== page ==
By Lorena Alvarez
In the wake of the George Zimmerman trial and the struggle to find justice for Trayvon Martin, Ryan Coogler’s award-winning indie film “Fruitvale Station” comes at just the right time to advance the conversation about race relations in America. Continue reading
By Mofida Abdelmageed
“The Way Way Back,” a dramatic comedy directed by Nat Faxon and Jim Rash, tackles ongoing conflicts between teens and adults. Continue reading
By Christian Cordova-Pedroza
“The Way Way Back,” is a melodramatic comedy directed by Nat Faxon and Jim Rash that focuses on the issues of youth in dysfunctional families and the inevitable tensions that arise between parents and their adolescent children. Continue reading
By Sara Solano
New York, N.Y.
Let me ask you something: On a scale of one to 10, what do you think you are?” Trent asks Duncan. “I don’t know . . . a six?” Duncan replies. Trent’s response is harsh: “I think you’re a three,” he says.
It’s the first scene of “The Way, Way Back” and already we are learning that Duncan, 14, has a difficult relationship with Trent, his mother’s boyfriend. Right away, audience members will sympathize with Duncan, who is en route to Trent’s summerhouse. What follows is a fantastic story about divorce, teenage years, love and self-realization. Continue reading
By Ellen Pham
“The Way, Way Back” resonates with anyone who has ever struggled to find a place to belong. In other words, it’s a movie everyone can relate to. It’s far from a perfect film, but it has enough redeeming qualities to make it worth seeing. Continue reading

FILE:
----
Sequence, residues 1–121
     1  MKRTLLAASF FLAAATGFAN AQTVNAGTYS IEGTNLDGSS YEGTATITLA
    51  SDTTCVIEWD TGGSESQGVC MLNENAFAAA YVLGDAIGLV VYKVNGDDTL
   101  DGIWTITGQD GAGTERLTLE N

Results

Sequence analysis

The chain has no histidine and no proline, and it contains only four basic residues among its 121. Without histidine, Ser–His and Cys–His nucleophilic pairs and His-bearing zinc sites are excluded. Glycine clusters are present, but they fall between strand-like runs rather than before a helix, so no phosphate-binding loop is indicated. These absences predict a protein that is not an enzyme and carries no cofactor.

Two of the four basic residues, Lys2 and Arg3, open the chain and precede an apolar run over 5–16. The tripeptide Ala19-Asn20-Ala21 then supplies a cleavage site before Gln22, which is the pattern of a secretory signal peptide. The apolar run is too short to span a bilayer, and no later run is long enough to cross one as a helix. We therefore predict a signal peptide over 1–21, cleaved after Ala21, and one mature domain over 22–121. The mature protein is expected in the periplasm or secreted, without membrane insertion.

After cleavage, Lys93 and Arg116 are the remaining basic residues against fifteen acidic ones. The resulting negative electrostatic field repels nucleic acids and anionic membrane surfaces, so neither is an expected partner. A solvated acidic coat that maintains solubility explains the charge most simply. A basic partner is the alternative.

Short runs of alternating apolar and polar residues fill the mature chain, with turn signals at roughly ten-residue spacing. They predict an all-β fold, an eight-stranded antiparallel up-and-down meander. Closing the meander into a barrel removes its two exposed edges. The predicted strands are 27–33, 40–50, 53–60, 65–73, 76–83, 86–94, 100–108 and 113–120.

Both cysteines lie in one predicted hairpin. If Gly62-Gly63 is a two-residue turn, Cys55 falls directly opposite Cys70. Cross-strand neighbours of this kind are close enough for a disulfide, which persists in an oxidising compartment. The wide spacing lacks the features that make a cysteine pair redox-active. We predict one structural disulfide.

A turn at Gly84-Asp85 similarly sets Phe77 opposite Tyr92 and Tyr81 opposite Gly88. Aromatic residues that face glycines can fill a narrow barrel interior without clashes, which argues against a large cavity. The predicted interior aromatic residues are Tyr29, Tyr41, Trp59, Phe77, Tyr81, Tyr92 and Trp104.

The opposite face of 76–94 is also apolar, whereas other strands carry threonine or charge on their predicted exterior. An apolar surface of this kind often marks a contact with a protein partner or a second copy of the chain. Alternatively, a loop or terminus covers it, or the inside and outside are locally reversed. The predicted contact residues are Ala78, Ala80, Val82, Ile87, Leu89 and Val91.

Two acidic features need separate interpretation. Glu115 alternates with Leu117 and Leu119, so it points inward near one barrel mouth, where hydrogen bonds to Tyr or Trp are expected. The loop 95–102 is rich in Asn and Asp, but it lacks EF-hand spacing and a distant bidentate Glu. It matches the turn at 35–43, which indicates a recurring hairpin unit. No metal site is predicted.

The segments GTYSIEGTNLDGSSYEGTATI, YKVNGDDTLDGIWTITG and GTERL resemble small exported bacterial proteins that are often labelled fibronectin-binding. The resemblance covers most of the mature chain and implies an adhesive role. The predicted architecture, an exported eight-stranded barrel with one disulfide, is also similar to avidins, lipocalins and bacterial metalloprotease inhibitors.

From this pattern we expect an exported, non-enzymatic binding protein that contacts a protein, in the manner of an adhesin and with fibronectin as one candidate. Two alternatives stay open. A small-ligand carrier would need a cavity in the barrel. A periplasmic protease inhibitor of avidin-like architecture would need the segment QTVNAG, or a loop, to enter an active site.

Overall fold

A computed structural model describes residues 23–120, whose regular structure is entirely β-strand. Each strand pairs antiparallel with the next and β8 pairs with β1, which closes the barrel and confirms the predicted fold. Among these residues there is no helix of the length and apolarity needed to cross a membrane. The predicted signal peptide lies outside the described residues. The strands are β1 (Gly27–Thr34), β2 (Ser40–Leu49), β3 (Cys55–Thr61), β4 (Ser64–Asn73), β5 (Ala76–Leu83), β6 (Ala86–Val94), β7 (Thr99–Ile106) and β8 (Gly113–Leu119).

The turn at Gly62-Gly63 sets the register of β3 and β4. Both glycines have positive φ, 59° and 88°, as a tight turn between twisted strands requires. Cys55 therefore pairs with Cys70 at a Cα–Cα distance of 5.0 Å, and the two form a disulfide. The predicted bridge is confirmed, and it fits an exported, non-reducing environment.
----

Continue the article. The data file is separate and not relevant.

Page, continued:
By Imani Ford
As he picks up a blunt and takes a long drag, Oscar turns to his girlfriend Sophina and says, “I want you and Ti-Ti forever.” Twenty-two year old Oscar Grant, the focus of the critically acclaimed Sundance winner “Fruitvale Station,” is not perfect—far from it. In one of the first scenes, for instance, we find out—even as he professes his love for both Sophina and his daughter Ti-Ti—that Oscar has cheated.
This initially negative portrayal of Oscar, played by Michael B. Jordan, may alarm certain audience members; within the first 10 minutes, the film begins to paint another stereotypical caricature of African-American communities. But while certain characteristics of Oscar fit the stereotype, far more defy common expectations—allowing viewers to see him as a real person and to realize that the injustice he eventually suffers could happen to anyone. It’s just one of the many ways in which this brilliant film excels. Continue reading
By Allyson Chavez
New York, N.Y.
A director who refuses to paint his main character as a Christ figure actually depicts that character as something much more important: a complicated, real human being. In other words, someone who is not at all a stereotype.
That certainly isn’t true for the rest of the characters in director Ryan Coogler’s “Fruitvale Station”—a true story about a man named Oscar Grant (played by Michael B. Jordan) who is unjustly killed by police in Oakland. Continue reading